GIS Academy Hosts National Geospatial-Intelligence Agency


Figure 1: Academy youth pose with Deputy Director Sue Gordon of NGA, along with Dr. Hawthorne at the Atlanta Event.

On Oct. 28, Timothy Hawthorne, Ph.D., and The Geospatial STEM Academy hosted Sue Gordon, deputy director of the National Geospatial-Intelligence Agency (NGA), for a student and STEM meet and greet event. Currently an assistant professor of geographic information systems (GIS) in the department of sociology, Dr. Hawthorne is also the Founding Director and Principal Investigator of  The Geospatial STEM Academy.

Held at the Atlanta Regional Commission center, 70-75 people were in attendance. Deputy Director Gordon and her team were in Atlanta on a previously scheduled trip to research GIS related projects.

Gordon and her team took 2 hours out of their busy schedule to visit the event and talk to the students to give advice and tips for their future.

About 20 STEM Academy students and their parents had the opportunity to meet and talk with the deputy director. The students also had the chance to present their summer projects to her, showcasing their hard work and accomplishments. All the presentations will be published on a NGA special event website.


The event began at 6:30p.m with refreshments and a short video about the academy and its purpose. Dr. Hawthorne and Tara Mitchell, Lead Education Coordinator, did academy introductory remarks before introducing deputy director Gordon.


Figure 2: Academy high school youth present their emotion mapping project to the deputy director.

Deputy director Gordon spoke to the audience briefly about the importance of a STEM education.

18 students presented their projects to the deputy director. The presentations were set up in a science fair style, letting the students have a more one-on-one conversation with deputy director Gordon.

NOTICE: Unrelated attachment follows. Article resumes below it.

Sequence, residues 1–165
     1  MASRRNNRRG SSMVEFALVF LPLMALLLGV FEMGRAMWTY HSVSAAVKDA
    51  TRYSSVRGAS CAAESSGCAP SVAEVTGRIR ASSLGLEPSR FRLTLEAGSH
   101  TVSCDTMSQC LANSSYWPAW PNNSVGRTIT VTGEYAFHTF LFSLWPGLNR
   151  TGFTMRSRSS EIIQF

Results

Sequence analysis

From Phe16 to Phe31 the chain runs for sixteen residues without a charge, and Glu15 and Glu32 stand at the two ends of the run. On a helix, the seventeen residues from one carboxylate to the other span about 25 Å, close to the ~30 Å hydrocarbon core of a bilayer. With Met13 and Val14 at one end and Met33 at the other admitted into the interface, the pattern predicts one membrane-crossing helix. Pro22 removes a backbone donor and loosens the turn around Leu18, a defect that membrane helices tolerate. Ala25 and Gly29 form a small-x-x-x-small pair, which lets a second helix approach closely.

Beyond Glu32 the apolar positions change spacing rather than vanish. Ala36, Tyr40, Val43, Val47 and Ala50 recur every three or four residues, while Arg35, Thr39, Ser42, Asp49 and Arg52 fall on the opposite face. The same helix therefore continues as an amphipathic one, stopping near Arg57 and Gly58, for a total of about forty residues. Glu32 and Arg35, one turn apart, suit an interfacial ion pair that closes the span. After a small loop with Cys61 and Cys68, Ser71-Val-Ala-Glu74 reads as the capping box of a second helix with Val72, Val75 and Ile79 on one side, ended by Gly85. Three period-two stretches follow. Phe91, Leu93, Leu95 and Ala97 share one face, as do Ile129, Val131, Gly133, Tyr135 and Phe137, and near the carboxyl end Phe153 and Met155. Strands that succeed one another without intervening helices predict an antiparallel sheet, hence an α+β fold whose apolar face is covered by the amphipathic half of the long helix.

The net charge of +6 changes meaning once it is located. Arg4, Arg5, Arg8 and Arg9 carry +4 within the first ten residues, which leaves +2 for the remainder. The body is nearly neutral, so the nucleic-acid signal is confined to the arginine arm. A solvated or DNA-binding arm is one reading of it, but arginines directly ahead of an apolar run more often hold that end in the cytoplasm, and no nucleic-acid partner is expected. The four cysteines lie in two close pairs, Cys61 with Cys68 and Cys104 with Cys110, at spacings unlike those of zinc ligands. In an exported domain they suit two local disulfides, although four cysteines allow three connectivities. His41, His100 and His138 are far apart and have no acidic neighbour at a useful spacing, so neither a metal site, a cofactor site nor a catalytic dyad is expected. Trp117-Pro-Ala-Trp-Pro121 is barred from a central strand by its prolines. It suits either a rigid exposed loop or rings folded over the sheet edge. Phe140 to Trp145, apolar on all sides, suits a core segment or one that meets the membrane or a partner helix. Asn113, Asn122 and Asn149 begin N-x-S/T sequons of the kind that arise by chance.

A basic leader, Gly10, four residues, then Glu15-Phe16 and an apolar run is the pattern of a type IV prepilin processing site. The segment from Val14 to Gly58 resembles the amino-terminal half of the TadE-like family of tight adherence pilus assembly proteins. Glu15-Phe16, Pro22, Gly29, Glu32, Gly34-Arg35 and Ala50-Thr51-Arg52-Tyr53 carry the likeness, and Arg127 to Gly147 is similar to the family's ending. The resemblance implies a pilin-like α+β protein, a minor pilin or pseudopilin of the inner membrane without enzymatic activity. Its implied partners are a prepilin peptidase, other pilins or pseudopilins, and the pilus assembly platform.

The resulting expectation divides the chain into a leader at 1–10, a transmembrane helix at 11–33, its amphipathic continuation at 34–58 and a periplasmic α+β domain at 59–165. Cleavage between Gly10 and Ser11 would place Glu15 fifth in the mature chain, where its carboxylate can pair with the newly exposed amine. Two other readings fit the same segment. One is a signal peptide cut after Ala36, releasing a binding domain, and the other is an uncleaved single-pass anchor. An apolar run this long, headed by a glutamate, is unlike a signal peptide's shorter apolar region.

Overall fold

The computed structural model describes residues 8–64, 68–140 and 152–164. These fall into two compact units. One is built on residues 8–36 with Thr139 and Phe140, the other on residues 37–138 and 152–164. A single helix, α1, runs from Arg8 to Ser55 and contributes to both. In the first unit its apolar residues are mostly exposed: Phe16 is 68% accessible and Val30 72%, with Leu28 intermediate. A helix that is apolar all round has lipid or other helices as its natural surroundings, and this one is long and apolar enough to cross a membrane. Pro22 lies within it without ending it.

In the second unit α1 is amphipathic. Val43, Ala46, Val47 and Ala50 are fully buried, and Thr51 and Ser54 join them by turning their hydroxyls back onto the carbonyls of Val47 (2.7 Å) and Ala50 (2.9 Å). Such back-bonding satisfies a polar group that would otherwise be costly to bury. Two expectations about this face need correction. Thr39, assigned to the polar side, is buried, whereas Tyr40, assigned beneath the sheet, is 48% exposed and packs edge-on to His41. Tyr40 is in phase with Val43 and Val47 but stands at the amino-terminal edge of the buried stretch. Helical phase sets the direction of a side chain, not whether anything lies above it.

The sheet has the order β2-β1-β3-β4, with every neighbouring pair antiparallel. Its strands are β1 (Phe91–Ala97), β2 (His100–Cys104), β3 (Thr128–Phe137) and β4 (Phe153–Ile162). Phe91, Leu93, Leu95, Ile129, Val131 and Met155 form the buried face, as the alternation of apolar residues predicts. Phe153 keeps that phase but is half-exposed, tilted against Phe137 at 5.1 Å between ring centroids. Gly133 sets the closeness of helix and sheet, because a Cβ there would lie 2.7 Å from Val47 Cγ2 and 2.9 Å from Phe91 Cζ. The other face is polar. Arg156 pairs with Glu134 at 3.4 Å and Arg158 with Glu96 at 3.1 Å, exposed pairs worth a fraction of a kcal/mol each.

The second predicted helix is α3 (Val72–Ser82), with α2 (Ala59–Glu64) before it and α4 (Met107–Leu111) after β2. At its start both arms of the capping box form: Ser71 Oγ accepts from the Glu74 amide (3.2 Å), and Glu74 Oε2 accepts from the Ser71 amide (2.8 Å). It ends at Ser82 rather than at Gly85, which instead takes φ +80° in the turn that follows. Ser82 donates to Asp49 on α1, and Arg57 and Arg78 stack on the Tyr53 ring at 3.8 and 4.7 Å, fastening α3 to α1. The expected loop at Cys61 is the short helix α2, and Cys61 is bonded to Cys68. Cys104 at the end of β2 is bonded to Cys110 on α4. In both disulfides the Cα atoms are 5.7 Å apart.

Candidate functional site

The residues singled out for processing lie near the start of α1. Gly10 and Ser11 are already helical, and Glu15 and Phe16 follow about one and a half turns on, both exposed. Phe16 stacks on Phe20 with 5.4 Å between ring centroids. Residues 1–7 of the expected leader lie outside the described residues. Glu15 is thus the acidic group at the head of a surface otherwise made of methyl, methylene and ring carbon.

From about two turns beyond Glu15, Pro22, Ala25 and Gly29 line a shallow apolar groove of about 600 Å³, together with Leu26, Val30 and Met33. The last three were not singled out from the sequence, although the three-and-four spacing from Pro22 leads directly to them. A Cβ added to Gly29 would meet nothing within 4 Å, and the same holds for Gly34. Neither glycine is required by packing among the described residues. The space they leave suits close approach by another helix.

There were 3 main presentations: determining sidewalk integrity for social service locations and walkability, greenspace and inventorying trees species, and emotions and perceptions of youth in urban environments.

These projects gave the youth the opportunity to learn new technology and apply their new skills in real world settings as they worked with community partner organizations, including the Atlanta Community Food Bank, The Westside Atlanta Land Trust and The Atlanta Beltline.


After the presentations, Dr. Hawthorne discussed what was next for the academy, such as mini-grants for academy alum, NGA/GIS day visits, competitions and the expansion of the program to Orlando in summer 2016. He hopes to develop a new STEM Academy in partnership with UCF and other community youth organizations.

Along with Dr. Hawthorne, Interim Associate Dean, Florian Jentsch, Ph.D., also represented UCF at the event.


Figure 3: Academy youth and Dr. Hawthorne met with NGA senior leadership in Alexandria, VA. They presented to Director Cardillo and Deputy Director Gordon.

The NGA and Deputy Director Gordon were extremely impressed with the event, the students, and the caliber of their work. She invited Dr. Hawthorne and a handful of the academy students to participate in the 11th annual Tech Showcase Event at the NGA headquarters in Springfield, Virginia on Nov. 16.

They were the only high school aged STEM group in the country at the event. “This was a wonderful opportunity for the students,” Dr. Hawthorne stated, “…great for the students to have a national stage.”


Dr. Hawthorne is a broadly trained human geographer with deep interests in community geography, qualitative GIS, and critical GIS. His research and teaching utilizes innovative methods to integrate qualitative data and mixed methods into GIS analysis.

Dr. Hawthorne serves as Chair of the Applied Geography Specialty Group for the Association of American Geographers and also serves on the editorial board of The International Journal of Applied Geospatial Research. He is currently submitting a grant proposal, to the NGA, to help fund the creation of The Geospatial STEM Academy in different cities across the U.S.

“Our goal is to expand this model of community-based learning of geospatial technologies with partnering universities across the U.S. to develop a geospatial consortium for these in-demand STEM careers.” said Dr. Hawthorne.


If there are any community youth organizations interested in being a partner with Dr. Hawthorne and the Geospatial STEM Academy, please contact Dr. Hawthorne at



To learn more about the Academy, please visit:

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